“Nolan Watson, for example, started using this strategy back in 2008. So far, he’s already increased his investment by 809%. That’s enough to turn a small investment of $25,000 into almost a quarter million dollars.

“Gold expert John Doody has increased his portfolio by more than 1,200% with this strategy. And many consider him one of the best gold investors of our time.

“Here’s what he said recently:

‘I love [this investment]. You just make these deals and move on to the next one.’

“I call this strategy ‘Golden Streams.’ And it has performed much better than the metal in recent years….

“While gold is up 61% since 2008, the ‘Golden Streams’ investment is up 352%. The good news is you can also participate in these deals right from any brokerage account.

“And what’s really amazing is this special class of gold investment has nothing to do with ETFs, bars, coins, options, mutual funds or investing directly in gold miners. And yet, it has managed to beat all those types of gold investments.

“While ‘Golden Streams’ have performed extremely well in recent years, I expect them to go parabolic once investors lose faith in the dollar.

“Even if gold moves to just $3,000 an ounce, I expect this investment will move more than 700%. That’s enough to turn each $20,000 into a little more than $165,000.”

Sound familiar? Yes, indeedy — Opdyke is teasing the old streaming/royalty concept in precious metals. Which, frankly, is my favorite way to invest in mining as well — but it’s been awful over the last year, getting much the same downside as the actual large mining stocks and falling worse than the price of gold. In general industry parlance, Streaming refers to usually larger investments made in “almost ready to produce or expand” mining operations that give the buyer the right to buy a substantial portion (typically 8-30% or so) of the gold (or silver) mined at a set price, typically fixed at roughly a third of what the then-current commodity price is.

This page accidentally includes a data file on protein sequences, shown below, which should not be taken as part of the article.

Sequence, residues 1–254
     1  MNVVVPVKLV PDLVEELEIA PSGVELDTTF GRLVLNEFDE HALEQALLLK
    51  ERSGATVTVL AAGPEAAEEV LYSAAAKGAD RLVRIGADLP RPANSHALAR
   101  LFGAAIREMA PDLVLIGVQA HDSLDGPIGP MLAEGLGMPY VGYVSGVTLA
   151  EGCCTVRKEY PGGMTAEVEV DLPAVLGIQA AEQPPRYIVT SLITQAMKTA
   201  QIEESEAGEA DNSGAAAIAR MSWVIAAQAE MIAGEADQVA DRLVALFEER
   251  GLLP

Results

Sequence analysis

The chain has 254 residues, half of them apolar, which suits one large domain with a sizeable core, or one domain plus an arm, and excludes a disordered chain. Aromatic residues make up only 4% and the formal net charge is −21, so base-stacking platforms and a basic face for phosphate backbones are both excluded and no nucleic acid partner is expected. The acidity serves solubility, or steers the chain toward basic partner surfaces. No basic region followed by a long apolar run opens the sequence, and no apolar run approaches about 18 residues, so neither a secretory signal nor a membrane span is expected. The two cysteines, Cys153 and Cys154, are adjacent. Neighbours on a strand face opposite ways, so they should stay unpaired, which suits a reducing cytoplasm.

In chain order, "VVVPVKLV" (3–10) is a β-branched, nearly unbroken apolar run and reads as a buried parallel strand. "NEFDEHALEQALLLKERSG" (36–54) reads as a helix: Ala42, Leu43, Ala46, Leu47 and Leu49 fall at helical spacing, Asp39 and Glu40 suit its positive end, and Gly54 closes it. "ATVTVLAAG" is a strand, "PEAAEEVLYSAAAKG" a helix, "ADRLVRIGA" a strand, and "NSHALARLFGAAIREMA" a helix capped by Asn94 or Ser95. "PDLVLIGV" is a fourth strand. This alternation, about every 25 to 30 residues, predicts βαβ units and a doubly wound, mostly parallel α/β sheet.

This strategy was developed and commercialized by Silver Wheaton (SLW), which made streaming deals for silver with big non-silver mines (silver being a valuable byproduct that the miners could monetize by pre-selling it to SLW). Nolan Watson was the CFO at Silver Wheaton when they perfected this model, and later went on to found Sandstorm Gold (SAND, SSL in Canada), which is presumably one of the stocks being teased here, and Sandstorm Metals and Energy (SND in Canada, STTYF on the pink sheets), which focuses on base metals (and is still a bit of a train wreck after some bad deals). Sandstorm Gold continues to be my largest mining investment and largest and preferred gold equity investment, but it’s sure been a rough ride as gold has fallen.

Royalties are often the result of investments made into a mining project at a much earlier stage, or of early work by a prospector or settlement to a land owner, and if bought they cost the investor less than streaming deals, and they yield a flat percentage-of-the-gold (or other metal) produced that’s typically far smaller (1-5% or so). The two largest passive gold mining investment companies are mostly royalty owners, Franco-Nevada (FNV) and Royal Gold (RGLD), though they also do both own some streaming deals and some non-gold assets.

So it’s hard to picture a world in which those aren’t the three “Golden Streams” investments Opdyke teases, if only because they’re by far the largest and most accomplished and viable of the existing royalty/streaming companies that are gold-focused — unless you throw in Silver Wheaton in place of one of those to get your silver exposure instead of gold (SLW has a little gold exposure too, but it’s very small)… SLW has been by far the most volatile of the four over the years, but is also by far the largest (the volatility comes largely from the fact that silver has almost always been much more volatile than gold). All four of those streaming/royalty firms are up since 2010 or so … but all are also down considerably (dramatically, even) from their highs of late 2012, when all the world seemed to think that gold and silver were simply not allowed to fall in price. Leverage is fun when prices are moving up and a $100 move in the price of gold causes your stock to go up to 20 or 30% in a month or two, but when gold falls 25% that same leverage means your stock can fall by 50%, sometimes more.

The John Doody quote, by the way, is from a conference call the Phase 1 Investor folks had with Nolan Watson, SAND’s CEO, when they recommended that stock a couple years ago — we covered their teaser pitch for it at the time, but Sandstorm Gold has since put the transcript up online here.